When I was 18, my stepfather’s brother had been on dialysis for just over a year. He was thin, he exercised regularly and he seemingly was in perfect health, but inexplicably his kidneys began to fail him. Although I was just about to leave for college, I’d heard enough about the misery of dialysis to decide to get tested as a possible donor. In the back of my mind, I knew that the chances of our compatibility were incredibly low because we were not related by blood. Perhaps that made it easy for me to decide to get tested.
When we received the results, I was stunned to find out that he and I were a match. The transplant team gave me plenty of opportunities to back out of the donation, and it put me through countless evaluations, physical and psychological. Much of my family was steadfast against my becoming a donor. Looking back, who could blame them? Their son-grandson-nephew was going to undergo a major operation with no benefit to himself.
However, I continued to be confident in my choice. I relied on the one fact that would be repeated to me many times: “The rate of kidney failure in kidney donors is the same as the general population.” Why wouldn’t everyone donate a kidney, I wondered.
My mother was the only one to — reluctantly — support my decision. She accompanied me to San Francisco, where the surgery took place, and we settled in for the weeks that I would spend recovering. On the day of the surgery, anesthesia flowed into my arm and the world swiftly slipped away. Then, just as quickly, it seemed, I awoke, nauseated and confused. So much preparation for such a short nap. The anxiety I’d felt about the surgery was now gone — as was one of my kidneys.
An uneventful recovery came and went. I returned to college and resumed a normal life. Likewise, my step-uncle did very well and is living a full and healthy life, as is my donated kidney.
Five years after the surgery, when I was 23 and getting ready to go to medical school, I began working in a research lab that was looking at kidney donors who had gone on to develop kidney failure. For that research, I talked to more than 100 such donors. In some cases, the remaining kidneys failed; in others, the organ became injured or developed cancer. The more I learned, the more nervous I became about the logic of my decision at age 18 to donate.
And then in 2014, a study looking at long-term risks for kidney donors found that they had a greater risk of developing end-stage renal disease. Another study that same year raised the possibility that they may face a heightened risk of dying of cardiovascular disease and all-cause mortality (although this point remains controversial).
The truth is, it is hard to get good numbers about what happens to donors. Hospitals are required to follow them for only two years post-donation, which does not catch such long-term complications as chronic kidney disease, cardiovascular issues or psychiatric issues. There is no national registry for kidney donors or other large-scale means of tracking long-term outcomes.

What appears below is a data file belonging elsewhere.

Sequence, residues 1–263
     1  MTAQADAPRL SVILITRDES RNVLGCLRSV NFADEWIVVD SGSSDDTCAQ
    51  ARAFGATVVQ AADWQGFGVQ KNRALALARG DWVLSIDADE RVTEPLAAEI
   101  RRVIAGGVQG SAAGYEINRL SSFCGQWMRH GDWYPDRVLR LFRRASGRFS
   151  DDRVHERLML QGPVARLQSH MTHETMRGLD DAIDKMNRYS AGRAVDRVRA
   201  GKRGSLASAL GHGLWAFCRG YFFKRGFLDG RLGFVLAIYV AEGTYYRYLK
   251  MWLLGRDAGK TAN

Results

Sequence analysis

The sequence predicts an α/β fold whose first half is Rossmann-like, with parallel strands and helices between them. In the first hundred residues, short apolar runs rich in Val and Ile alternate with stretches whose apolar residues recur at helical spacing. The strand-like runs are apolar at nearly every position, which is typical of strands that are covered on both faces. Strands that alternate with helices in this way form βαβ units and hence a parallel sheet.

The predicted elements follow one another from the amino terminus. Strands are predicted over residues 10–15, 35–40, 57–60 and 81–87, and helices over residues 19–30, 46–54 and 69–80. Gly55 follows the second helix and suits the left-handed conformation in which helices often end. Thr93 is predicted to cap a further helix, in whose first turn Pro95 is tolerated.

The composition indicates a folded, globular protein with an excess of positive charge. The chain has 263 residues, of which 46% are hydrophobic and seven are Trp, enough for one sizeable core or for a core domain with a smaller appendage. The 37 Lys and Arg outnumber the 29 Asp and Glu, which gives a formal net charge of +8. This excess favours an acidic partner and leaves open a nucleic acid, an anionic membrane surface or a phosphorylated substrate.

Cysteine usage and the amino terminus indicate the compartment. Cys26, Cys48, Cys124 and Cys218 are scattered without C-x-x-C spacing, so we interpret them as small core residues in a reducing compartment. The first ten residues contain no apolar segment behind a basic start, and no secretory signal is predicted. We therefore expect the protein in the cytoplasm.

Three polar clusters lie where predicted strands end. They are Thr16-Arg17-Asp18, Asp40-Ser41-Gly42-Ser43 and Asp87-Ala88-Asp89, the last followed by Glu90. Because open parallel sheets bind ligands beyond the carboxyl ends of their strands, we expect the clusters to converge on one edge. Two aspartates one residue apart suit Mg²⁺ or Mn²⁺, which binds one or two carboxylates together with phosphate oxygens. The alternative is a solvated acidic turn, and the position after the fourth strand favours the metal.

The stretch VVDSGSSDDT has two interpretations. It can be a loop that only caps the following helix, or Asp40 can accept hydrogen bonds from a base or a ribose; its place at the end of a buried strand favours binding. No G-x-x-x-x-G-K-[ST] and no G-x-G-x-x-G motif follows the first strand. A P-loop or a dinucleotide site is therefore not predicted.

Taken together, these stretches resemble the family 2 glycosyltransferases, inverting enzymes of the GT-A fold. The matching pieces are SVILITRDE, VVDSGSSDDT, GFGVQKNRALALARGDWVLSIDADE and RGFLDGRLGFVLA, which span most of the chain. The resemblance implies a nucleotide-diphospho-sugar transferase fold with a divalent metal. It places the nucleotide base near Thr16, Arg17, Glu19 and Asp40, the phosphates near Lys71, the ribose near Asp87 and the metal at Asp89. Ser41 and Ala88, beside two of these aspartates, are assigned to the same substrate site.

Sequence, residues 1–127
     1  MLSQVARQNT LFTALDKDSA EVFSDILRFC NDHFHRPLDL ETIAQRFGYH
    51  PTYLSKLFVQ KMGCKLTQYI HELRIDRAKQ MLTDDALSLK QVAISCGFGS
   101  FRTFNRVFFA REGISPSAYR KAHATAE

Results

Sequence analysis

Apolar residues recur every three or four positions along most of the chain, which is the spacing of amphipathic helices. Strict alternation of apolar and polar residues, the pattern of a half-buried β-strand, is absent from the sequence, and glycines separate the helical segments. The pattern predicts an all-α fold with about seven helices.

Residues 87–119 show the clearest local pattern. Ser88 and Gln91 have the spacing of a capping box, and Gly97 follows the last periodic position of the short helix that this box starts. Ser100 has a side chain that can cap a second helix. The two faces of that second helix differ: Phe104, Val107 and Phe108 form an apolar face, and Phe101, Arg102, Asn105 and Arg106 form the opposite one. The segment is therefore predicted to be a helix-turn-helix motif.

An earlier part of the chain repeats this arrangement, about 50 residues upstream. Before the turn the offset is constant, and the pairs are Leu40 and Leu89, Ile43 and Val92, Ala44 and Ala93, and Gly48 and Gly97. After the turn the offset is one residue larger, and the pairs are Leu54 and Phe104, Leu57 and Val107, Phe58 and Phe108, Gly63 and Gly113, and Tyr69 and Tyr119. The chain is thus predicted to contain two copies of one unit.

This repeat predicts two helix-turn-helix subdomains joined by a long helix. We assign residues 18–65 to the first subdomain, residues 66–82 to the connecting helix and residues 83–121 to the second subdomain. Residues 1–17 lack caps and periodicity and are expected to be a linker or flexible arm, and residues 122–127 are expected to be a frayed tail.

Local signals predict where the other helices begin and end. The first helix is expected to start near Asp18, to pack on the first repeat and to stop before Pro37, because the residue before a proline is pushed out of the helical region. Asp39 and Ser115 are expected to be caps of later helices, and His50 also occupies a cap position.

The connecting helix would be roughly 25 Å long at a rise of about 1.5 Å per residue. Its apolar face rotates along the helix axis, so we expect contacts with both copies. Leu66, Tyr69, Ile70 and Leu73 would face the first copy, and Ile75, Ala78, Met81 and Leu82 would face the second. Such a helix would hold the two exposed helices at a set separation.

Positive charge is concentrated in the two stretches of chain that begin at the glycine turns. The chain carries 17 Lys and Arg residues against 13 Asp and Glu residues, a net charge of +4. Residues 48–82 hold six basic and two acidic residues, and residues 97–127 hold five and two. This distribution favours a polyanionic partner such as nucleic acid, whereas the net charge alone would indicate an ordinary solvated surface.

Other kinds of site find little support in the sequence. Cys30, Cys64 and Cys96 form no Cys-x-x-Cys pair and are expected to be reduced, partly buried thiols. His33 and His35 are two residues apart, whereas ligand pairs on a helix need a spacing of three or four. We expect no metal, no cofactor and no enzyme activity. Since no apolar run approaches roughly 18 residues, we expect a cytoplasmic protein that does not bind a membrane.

The result is that we know neither the denominator (the total number of kidney transplants that have occurred over the decades) nor the numerator (the number of donors who have gone into kidney failure). And what we do know is incomplete. Yet the need for donors remains great, as the number of Americans needing a kidney transplant has steadily increased — to more than 120,000 — while the number of transplants performed has remained relatively steady — at about 30,000 per year.
Donors are lauded for their altruism and bravery for what is promoted as a benign procedure with low long-term risk. We are told about neither the reality of donation risks nor the scarcity of data that’s available.
As a medical student and soon-to-be physician, I’ve come to better understand the imperfections in the idea of informed consent. We work with the data we have, and patients aren’t always told that it may not be that solid. At the time of my surgery, I thought the system was designed to protect me as a donor. Yet, now, more than eight years later, I am angry that I was never fully informed of the lack of research or the unknown long-term health implications for me.
Mostly I’ve come to terms with the increased risks of being a kidney donor. But I’d be lying if I said I don’t get anxious about it. I feel vulnerable. Sometimes I can think of nothing but my remaining kidney. I’ll feel pressure on my ribs, and I think, “Is that my kidney acting up, or simply back tension?” Or I’ll wonder: “Should I be feeling this lump? Am I going into kidney failure?”
Being a kidney donor has become a part of my identity. Some people — particularly in medical school — have put me on a pedestal for my altruism and bravery. But often I find myself hiding the fact that I donated, which I’d like to think of as an act of modesty. The sad and difficult truth is this: Knowing what I know now, I regret donating in the first place.
Currently there are over 120,000 people in need of a kidney transplant; 3,000 are added to that list every month. Yet in 2014 there were only 17,000 kidney transplants performed with a third coming from living donors. The need is real, as is the push to attract more living kidney donors.